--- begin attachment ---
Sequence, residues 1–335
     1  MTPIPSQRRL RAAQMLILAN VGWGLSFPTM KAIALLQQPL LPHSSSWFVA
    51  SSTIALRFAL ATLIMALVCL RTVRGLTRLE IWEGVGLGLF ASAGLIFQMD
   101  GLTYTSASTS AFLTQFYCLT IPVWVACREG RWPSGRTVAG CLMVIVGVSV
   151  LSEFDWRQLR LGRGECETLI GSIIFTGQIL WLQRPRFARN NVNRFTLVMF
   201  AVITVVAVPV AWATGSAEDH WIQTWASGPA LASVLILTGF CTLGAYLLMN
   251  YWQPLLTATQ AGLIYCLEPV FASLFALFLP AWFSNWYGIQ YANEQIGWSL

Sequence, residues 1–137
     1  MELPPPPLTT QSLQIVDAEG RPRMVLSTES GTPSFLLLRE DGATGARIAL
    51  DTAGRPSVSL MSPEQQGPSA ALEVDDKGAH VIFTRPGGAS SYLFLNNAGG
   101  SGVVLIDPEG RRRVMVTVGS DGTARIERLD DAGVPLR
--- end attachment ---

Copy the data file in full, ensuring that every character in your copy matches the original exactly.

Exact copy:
Sequence, residues 1–335
     1  MTPIPSQRRL RAAQMLILAN VGWGLSFPTM KAIALLQQPL LPHSSSWFVA
    51  SSTIALRFAL ATLIMALVCL RTVRGLTRLE IWEGVGLGLF ASAGLIFQMD
   101  GLTYTSASTS AFLTQFYCLT IPVWVACREG RWPSGRTVAG CLMVIVGVSV
   151  LSEFDWRQLR LGRGECETLI GSIIFTGQIL WLQRPRFARN NVNRFTLVMF
   201  AVITVVAVPV AWATGSAEDH WIQTWASGPA LASVLILTGF CTLGAYLLMN
   251  YWQPLLTATQ AGLIYCLEPV FASLFALFLP AWFSNWYGIQ YANEQIGWSL

Sequence, residues 1–137
     1  MELPPPPLTT QSLQIVDAEG RPRMVLSTES GTPSFLLLRE DGATGARIAL
    51  DTAGRPSVSL MSPEQQGPSA ALEVDDKGAH VIFTRPGGAS SYLFLNNAGG
   101  SGVVLIDPEG RRRVMVTVGS DGTARIERLD DAGVPLR